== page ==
7. Fruit leather. Many of these gelatinous snacks like roll-ups or fruit bites contain just a trace amount of fruit, but lots of sugar or HFCS and bright artificial colors. Don't be misled by all the products that include the word "fruit" on their box. Real fruit is in the produce section, not the candy aisle. Instead: If your child doesn't show interest in fruit in its natural state, there are some ways you can make it more interesting without losing its nutritional value. For a healthy frozen treat, try filling ice-cube or frozen-pop trays with fruit juice or freezing grapes. Or buy unflavored gelatin and mix it with fruit juice and/or pieces of fruit to make gelatin treats without the added sugar and color (let it solidify in big flat casserole dishes or roasting pans—another good time for the cookie cutters!) Try serving some raisins, dried apricots, apples, peaches, or other dried fruits that might give you that chewy, leathery texture without the sugar.
  8. Doughnuts. These little deep-fried gobs of joy are favorites for kids and adults alike, but they are full of fat and trans-fatty acids, and of course, sugar. Toaster pastries, muffins, and cinnamon buns aren't much better. The worst thing about doughnuts and these other pastries, aside from their nutritional content, is that they're often presented to children as acceptable breakfast choices. These delicious deadlies need to be categorized properly—as desserts, to be eaten very sparingly. And you can't have dessert for breakfast. Instead: Honestly, a slice of whole wheat toast spread with sugar-free fruit spread or peanut butter isn't going to get as many fans as a chocolate-filled Krispy Kreme® doughnut, but at some point, you have to stand firm. Be the cop who doesn't like doughnuts. Doughnuts—not for breakfast. Period.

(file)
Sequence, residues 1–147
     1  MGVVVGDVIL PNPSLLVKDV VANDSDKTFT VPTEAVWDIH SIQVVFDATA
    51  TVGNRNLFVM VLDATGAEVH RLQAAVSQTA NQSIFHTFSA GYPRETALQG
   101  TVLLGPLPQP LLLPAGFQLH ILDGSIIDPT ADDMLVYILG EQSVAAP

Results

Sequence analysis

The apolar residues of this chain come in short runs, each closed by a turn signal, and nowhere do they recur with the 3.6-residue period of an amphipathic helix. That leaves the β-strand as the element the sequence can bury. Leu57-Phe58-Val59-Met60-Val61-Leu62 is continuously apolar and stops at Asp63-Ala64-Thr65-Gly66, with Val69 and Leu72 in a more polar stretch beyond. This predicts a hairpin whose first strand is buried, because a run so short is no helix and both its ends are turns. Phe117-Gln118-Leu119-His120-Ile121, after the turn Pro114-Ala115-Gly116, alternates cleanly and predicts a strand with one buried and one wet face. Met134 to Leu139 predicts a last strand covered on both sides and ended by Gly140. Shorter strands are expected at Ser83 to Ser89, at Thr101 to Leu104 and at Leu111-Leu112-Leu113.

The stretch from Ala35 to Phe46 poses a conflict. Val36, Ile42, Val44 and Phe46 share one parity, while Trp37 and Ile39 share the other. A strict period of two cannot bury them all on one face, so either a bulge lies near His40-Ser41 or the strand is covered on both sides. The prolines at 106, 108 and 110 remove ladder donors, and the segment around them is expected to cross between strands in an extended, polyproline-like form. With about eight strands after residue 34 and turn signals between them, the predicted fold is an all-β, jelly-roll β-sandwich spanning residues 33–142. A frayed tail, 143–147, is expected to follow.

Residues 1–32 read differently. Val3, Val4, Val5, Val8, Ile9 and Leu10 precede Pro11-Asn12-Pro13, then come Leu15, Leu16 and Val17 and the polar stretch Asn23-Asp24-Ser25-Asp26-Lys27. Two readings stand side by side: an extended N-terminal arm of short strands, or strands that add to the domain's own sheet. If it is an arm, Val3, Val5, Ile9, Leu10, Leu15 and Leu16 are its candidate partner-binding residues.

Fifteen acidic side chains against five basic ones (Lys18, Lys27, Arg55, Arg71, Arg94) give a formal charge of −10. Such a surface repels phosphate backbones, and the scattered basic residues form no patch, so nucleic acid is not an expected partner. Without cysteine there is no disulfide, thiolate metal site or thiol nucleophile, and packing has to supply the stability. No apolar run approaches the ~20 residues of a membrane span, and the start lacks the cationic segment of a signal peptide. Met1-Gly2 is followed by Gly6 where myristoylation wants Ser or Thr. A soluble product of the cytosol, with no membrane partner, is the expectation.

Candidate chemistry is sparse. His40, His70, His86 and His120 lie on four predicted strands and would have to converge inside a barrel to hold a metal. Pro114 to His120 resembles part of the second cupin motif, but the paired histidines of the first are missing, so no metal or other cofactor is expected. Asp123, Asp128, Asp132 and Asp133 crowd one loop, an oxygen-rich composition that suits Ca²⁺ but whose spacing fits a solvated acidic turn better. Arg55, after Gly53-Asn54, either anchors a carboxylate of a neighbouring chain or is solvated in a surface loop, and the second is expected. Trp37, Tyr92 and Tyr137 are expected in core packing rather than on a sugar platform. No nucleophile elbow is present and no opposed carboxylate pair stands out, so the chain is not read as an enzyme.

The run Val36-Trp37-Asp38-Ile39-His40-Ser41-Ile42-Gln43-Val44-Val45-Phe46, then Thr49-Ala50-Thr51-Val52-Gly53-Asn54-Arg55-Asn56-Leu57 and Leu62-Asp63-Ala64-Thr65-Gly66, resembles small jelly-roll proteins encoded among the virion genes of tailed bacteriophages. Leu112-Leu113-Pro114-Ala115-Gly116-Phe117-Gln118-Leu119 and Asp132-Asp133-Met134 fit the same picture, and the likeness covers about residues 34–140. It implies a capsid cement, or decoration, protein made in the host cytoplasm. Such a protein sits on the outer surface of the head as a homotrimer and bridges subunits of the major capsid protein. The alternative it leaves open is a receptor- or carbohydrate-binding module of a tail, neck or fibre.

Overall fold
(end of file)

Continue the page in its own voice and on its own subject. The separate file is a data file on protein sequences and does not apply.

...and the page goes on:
9. Pizza. In moderation, pizza can be a fairly decent choice. If you order the right toppings, you can get in most of your food groups. The problem comes with processed meats like pepperoni and sausage, which add fat and nitrates/nitrites (see #3, Lunch meat and hot dogs, above); and the overabundance of cheese, which will also provide more calories and fat than a child needs. Instead: Try making your own pizza with your kids. Use premade whole wheat crusts, or whole wheat tortillas, English muffins, or bread as a base. Then brush on HFCS-free sauce, and set up a workstation with healthy ingredients like diced chicken breast, sliced turkey dogs, and vegetables that each child can use to build his or her own pizza. Then sprinkle on a little cheese, bake, and serve. If your child gets used to eating pizza like this, delivery pizzas may seem unbearably greasy after awhile.
Someday your children will come to realize that caped men in tights and sponges who live under the sea might not have their best interests at heart when it comes to food. Until then, however, why not involve them in the process of selecting and preparing healthier alternatives? Some of these cleverly disguised wholesome foods might become their favorites. Who knows, they may even tempt some of the overgrown children among us!
  • 1Peters J, et al. "Processed meats and risk of childhood leukemia (California, USA)" Cancer Causes & Control 5: 195-202, 1994
  • 2Tareke E, Rydberg P, Karlsson P, et al. "Analysis of acrylamide, a carcinogen formed in heated foodstuffs" J. of Agri and Food Chem. 2002;50:4988-5006